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The Moon's Surface Features

The Moon's Surface Features

Introduction: On July 20, 1969, astronaut Neil Armstrong became the first person to step foot on the Moon. Apollo 11 had landed on the Moon's Mare Tranquillitatis, better known as the Sea of Tranquillity. Until this point in history, our knowledge of the surface of the Moon depended upon careful observation with the human eye and telescopes. For the first time, we had eyewitness accounts, photographs, videos, and material samples from a planetary body other than Earth! 
 
Our Moon is a barren place. It is covered in a thick layer of regolith, or the dusty remains of broken rock. It has only an extremely thin atmospheric type layer composed of gases different from those found in Earth's atmosphere. Without a thick atmosphere that would allow for weathering or convection currents to drive tectonic activity, the Moon's surface remains largely unchanged. Its surface features show its early history, locking the Moon's landscape in time.

Map of the Moon
map of the near side of the Moon

Major Types of Lunar Surface Features
MariaThe maria are the dark areas of the Moon. Once thought to be seas, we now know that these regions are actually remnants of ancient lava flows. The maria are broad plains of hardened basaltic lava. Mare is the singular form of maria. Can you find Mare Tranquillitatis on the map?
HighlandsMost of the Moon's surface is covered in highlands, also called lunar terrae. Highlands appear lighter in color than their darker counterparts, the maria, because they are composed of lighter silicate minerals. The Moon does not produce its own light. Rather, it reflects light from the Sun. Areas of the Moon that appear brighter are really reflecting back more sunlight than darker areas. The measure of how much light a surface reflects is called albedo.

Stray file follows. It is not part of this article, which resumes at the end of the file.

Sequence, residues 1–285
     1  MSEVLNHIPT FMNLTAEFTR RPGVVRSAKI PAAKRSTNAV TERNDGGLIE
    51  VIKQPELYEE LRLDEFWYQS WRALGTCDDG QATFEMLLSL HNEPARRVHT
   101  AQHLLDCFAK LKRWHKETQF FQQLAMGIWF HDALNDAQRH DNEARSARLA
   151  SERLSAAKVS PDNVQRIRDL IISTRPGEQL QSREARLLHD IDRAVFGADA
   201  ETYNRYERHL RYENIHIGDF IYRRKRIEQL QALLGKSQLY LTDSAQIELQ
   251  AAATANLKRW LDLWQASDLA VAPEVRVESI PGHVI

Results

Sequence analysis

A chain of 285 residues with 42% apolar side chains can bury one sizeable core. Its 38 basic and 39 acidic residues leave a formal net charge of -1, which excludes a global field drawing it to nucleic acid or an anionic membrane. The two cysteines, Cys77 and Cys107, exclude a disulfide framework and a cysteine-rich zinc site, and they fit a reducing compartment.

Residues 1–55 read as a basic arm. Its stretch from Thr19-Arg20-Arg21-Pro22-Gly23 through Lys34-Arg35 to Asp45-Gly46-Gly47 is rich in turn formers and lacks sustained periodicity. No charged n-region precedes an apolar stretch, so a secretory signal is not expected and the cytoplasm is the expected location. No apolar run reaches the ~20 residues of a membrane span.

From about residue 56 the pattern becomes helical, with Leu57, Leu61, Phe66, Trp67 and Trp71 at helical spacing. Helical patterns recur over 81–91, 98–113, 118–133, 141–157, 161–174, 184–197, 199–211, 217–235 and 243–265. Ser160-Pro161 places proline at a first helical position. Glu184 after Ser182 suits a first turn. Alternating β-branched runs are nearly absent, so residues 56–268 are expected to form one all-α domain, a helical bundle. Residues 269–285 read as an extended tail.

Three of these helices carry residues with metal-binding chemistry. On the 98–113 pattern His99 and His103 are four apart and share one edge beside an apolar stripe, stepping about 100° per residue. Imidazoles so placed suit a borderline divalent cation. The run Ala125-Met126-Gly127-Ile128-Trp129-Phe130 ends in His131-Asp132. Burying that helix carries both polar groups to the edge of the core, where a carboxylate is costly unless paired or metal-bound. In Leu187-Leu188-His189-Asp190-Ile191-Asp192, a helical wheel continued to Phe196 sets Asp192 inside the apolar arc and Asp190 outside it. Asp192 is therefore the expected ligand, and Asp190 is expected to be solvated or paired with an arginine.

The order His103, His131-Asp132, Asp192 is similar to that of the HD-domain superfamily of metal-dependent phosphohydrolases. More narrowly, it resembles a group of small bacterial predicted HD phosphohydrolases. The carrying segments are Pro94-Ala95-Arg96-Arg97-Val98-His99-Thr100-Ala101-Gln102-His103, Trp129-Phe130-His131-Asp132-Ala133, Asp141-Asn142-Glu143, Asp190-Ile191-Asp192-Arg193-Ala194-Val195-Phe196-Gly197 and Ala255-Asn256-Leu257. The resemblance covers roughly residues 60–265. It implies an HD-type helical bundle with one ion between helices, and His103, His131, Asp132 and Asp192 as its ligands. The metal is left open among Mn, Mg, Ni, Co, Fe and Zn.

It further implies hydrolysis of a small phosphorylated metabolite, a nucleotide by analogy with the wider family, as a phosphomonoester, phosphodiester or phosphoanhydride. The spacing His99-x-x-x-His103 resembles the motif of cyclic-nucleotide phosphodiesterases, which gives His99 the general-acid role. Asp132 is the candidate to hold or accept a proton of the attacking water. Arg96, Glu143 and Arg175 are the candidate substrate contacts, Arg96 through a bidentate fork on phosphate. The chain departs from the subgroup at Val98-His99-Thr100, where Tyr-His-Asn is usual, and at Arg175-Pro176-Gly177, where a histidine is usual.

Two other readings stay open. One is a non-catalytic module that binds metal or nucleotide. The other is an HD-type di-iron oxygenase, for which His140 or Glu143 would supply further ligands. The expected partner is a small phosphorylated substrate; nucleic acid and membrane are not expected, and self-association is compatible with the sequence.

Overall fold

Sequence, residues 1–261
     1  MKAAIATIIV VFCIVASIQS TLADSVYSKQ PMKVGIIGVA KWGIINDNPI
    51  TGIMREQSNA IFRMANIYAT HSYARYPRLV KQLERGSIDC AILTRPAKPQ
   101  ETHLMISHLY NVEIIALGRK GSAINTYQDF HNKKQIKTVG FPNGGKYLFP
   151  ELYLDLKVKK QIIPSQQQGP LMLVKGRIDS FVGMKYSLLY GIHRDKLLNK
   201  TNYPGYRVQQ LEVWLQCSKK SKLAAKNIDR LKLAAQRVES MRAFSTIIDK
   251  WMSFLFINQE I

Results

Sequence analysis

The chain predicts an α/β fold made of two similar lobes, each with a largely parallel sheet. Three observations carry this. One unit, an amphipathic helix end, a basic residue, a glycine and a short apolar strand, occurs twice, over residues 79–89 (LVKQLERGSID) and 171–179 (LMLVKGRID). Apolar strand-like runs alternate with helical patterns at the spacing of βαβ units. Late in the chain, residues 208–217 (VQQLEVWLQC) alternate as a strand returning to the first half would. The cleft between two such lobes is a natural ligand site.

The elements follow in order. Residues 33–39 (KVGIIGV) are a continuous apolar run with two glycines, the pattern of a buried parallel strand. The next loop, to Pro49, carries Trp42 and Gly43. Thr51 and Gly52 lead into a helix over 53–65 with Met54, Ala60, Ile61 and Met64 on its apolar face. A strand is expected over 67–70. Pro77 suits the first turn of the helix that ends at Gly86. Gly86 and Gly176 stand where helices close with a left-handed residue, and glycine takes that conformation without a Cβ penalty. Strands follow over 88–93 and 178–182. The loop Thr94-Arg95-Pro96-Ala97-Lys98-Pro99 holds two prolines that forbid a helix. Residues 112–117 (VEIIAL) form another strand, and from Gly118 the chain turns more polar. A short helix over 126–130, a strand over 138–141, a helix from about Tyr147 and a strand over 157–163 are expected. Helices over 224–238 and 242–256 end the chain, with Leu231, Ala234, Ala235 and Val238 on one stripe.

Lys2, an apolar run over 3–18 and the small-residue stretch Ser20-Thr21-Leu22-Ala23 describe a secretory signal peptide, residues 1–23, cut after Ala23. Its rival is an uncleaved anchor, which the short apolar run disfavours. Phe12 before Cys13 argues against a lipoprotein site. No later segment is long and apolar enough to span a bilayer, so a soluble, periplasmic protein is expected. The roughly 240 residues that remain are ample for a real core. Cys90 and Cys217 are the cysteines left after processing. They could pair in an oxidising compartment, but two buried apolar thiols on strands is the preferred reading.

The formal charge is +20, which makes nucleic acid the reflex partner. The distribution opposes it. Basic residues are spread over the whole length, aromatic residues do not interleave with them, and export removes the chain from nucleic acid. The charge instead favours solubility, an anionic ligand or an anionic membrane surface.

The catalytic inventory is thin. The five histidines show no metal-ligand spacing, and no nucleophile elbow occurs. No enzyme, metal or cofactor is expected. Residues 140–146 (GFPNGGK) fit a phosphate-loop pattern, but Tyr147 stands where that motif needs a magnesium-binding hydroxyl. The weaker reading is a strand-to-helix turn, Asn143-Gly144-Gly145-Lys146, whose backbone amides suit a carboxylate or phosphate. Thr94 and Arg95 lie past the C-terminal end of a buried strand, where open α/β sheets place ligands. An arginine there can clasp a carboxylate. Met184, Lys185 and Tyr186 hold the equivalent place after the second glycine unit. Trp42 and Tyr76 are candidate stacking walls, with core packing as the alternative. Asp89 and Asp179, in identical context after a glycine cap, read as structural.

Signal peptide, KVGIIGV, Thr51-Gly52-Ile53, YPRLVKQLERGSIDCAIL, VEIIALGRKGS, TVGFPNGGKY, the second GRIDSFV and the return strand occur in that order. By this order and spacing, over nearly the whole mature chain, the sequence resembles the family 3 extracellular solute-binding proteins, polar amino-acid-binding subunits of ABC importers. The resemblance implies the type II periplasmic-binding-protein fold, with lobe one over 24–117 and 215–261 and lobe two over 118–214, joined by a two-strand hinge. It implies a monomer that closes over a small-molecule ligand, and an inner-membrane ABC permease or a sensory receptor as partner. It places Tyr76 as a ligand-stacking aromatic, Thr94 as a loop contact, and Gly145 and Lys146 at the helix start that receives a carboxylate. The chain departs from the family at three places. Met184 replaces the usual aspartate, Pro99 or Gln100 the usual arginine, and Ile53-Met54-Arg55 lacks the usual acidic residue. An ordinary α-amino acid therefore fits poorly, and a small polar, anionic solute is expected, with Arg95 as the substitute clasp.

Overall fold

CratersThe young Moon was bombarded with meteorites. As the meteorites impacted with the Moon, they scarred its surface with large depressions called craters. A crater is usually rimed with displaced debris, called ejecta, from the impact. Can you see the lines extending out from the crater Tycho on the map? These are rays, or streaks of ejecta material.

Directions for This Lesson: In this lesson, you will learn about the major surface features of the Moon. Try the practice questions to see what you already know, then try the activity to learn more about the Moon's surface.

 

Activity:
Take a trip to the Moon and explore its surface with Google Moon. Be sure to select the flags and zoom in to see up close images of the Moon's features.

Practice:
Extend your learning with the worksheet and additional resources.

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